For a rocky planet, finding the length of a day can be simple. Just pick a reference point and watch how long it takes to rotate out of view, then back into view. But for planets like Saturn, it’s not so simple. There are no surface features to track.
Scientists have spent decades trying to determine Saturn’s rotational period. But the gas giant has been reluctant to reveal its secrets. A new study in AGU’s Journal of Geophysical Research: Space Physics may finally have the answer. The study is titled “Saturn’s multiple, variable periodicities: A dual-flywheel model of thermosphere-ionosphere-magnetosphere coupling.”
With a planet like Earth, we know what we’re measuring when we measure the rotational period. We’re measuring the surface of the planet. But for a gas giant, things are more complex. Which layer of the planet are scientists actually talking about?
Saturn is a multi-layered gas giant, likely with a rocky core. That core is surrounded by a layer of ice, then metallic hydrogen and helium. Then an area of helium rain, further surrounded by a region of liquid hydrogen. Then comes a large region of gaseous hydrogen. Saturn’s upper atmosphere is made up of three layers: at the top are clouds of ammonia, under that is ammonium hydrosulphide, and below that are clouds of water vapour.
When scientists talk about Saturn’s rotational period, they’re talking about the upper atmosphere. It’s the only part of the planet that can really be measured.
Scientists look at the radio frequency patterns a gas giant emits to determine its length of day. The difficulty with Saturn is that it only emits low-frequency radio patterns that the Earth’s atmosphere blocks. This is in contrast with Jupiter, which emits higher frequency patterns that pass through Earth’s atmosphere. Because of that, scientists were able to work out Jupiter’s rotational period before the advent of spacecraft.
Saturn had to wait until 1980 and 1981, when Voyager 1 and Voyager 2 visited and collected data. At that time, they measured the rotational period at 10 hours, 40 minutes. That was the best measurement available at the time, and it stuck. For two decades.
But then Cassini visited Saturn, and spent 13 years studying it and its moons. Astronomers were astonished to find that Saturn’s rotational period had changed. Cassini data showed that in the twenty years between Voyagers and Cassini—an insignificant amount of time in the life of a planet— the length of day had changed.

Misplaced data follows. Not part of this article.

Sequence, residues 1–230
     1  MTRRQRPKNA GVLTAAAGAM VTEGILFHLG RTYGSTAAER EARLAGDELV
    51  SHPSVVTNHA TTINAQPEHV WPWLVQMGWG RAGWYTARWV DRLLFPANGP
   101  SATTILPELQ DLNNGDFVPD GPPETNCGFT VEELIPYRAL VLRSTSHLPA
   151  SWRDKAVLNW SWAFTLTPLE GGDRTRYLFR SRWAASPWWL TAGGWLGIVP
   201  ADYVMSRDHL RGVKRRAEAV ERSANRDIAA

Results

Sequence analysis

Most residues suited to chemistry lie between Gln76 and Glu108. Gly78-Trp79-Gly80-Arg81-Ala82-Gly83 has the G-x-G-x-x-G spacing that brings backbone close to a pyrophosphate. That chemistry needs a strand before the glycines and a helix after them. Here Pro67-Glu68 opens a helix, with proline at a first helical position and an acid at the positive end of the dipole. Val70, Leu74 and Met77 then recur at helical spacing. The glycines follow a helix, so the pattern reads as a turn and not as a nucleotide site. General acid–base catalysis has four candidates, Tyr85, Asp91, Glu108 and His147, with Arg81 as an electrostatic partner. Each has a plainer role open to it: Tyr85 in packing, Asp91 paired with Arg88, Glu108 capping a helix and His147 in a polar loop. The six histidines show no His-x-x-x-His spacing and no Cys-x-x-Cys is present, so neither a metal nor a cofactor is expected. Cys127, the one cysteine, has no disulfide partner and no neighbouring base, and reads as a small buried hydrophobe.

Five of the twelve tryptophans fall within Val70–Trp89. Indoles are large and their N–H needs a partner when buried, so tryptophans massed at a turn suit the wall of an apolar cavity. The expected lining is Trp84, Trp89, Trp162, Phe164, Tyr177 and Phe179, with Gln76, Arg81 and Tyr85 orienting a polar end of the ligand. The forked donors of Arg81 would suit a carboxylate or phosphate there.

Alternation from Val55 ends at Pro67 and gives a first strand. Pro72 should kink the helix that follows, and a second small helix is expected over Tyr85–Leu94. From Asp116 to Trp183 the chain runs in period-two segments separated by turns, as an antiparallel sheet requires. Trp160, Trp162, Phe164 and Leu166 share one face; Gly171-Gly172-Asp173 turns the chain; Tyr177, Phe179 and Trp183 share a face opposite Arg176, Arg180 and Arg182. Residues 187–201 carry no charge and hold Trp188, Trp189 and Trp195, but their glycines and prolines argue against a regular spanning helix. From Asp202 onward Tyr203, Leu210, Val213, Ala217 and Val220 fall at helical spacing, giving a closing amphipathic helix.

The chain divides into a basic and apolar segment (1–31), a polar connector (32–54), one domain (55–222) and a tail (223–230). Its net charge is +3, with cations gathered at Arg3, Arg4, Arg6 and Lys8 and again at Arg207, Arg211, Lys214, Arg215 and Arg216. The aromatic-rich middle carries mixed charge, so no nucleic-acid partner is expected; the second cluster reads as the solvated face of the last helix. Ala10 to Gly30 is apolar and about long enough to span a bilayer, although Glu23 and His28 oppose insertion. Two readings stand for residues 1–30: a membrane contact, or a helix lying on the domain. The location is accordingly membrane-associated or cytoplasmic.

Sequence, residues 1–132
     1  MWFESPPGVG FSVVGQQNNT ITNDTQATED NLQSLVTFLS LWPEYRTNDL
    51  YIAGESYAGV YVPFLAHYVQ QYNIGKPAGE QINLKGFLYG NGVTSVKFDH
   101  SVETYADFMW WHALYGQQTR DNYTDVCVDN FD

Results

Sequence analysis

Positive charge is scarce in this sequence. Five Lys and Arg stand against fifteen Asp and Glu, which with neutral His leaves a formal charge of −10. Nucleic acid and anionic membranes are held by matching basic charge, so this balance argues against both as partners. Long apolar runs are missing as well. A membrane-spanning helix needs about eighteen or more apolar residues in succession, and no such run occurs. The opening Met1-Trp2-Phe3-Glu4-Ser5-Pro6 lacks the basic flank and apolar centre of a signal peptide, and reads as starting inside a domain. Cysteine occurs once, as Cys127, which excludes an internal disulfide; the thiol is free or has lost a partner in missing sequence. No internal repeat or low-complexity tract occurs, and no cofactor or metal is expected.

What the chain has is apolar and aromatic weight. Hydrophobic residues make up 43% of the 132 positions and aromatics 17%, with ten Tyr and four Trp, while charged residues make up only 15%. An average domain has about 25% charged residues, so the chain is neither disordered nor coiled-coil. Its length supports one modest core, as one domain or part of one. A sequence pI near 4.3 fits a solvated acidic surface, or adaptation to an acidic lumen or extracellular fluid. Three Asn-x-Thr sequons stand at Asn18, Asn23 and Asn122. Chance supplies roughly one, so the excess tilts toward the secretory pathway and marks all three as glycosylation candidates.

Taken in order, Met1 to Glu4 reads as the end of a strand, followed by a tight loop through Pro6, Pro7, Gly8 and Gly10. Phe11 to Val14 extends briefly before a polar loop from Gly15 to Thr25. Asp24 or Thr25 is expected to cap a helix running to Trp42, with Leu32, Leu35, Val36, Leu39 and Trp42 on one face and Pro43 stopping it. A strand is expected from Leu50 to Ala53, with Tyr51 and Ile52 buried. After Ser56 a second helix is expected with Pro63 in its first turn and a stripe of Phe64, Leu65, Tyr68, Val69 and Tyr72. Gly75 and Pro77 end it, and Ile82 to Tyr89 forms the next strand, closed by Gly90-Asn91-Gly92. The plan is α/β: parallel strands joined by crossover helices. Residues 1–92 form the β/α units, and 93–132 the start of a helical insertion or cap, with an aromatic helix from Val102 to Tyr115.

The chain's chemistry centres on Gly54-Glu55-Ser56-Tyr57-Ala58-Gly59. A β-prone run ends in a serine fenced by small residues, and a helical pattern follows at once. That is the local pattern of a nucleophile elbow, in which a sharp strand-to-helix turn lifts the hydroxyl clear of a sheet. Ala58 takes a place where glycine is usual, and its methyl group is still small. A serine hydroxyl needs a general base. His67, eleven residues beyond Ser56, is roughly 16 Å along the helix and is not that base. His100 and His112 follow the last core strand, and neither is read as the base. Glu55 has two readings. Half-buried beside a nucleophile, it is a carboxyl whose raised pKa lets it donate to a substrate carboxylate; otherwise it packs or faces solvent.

Cassini showed that the rotational period had changed by 6 minutes, or about 1 percent.
“In about 2004 we saw the period had changed by 6 minutes, about 1 percent,” said Duane Pontius of Birmingham-Southern College in Alabama, co-author of the new study. “For a long time, I assumed there was something wrong with the data interpretation,” Pontius recalled. “It’s just not possible.”
How does an entire planet change its rotational period in such a short time? A change of that magnitude should take hundreds of millions of years to occur. But there was more: Cassini also measured electromagnetic patterns showing that the northern and southern hemispheres had different rotational periods.
Pontius and the other authors wanted to understand what had happened, and why there was a discrepancy in the measurements. Assuming that the Cassini data was being understood correctly, there had to be a reason for the change, and for the difference between hemispheres. They decided to compare Saturn with its closest sibling, Jupiter.
One thing that Saturn has is seasons. Saturn has an axial tilt of almost 27 degrees, which is similar to Earth’s 23 degree tilt. Jupiter has only a three degree tilt. Just like Earth, Saturn’s north and south hemispheres receive different amounts of energy as it orbits the Sun.
On the outer edge of Saturn’s atmosphere is a region of plasma. Pontius and the other authors think that the different amount of UV energy reaching the hemispheres through the seasons interacts with that plasma. In the model they’ve developed, the variations in UV affects the plasma, creating more or less drag at the intersection of the plasma and the outer atmosphere.
The drag is what determines the rotation of the atmosphere as shown by radio wave emissions, and that rotation changes according to the season we’re observing.
The drag from the plasma is what slows down the rotation, giving us the rotation period signaled by the radio emissions. As the season changes, the plasma drag changes, and so do the radio emissions. Again, it’s the radio emissions that scientists measure Saturn’s rotational period with, since there are no fixed surface features.
This model developed by Pontius and his colleagues provides an explanation for the change in rotation seen in the 20 years between the Voyagers and Cassini. This measurement is only for Saturn’s surface layers, though. The rocky core, which is between 9-22 times the mass of Earth, is hidden and inscrutable under tens of thousands of kilometers of atmosphere.
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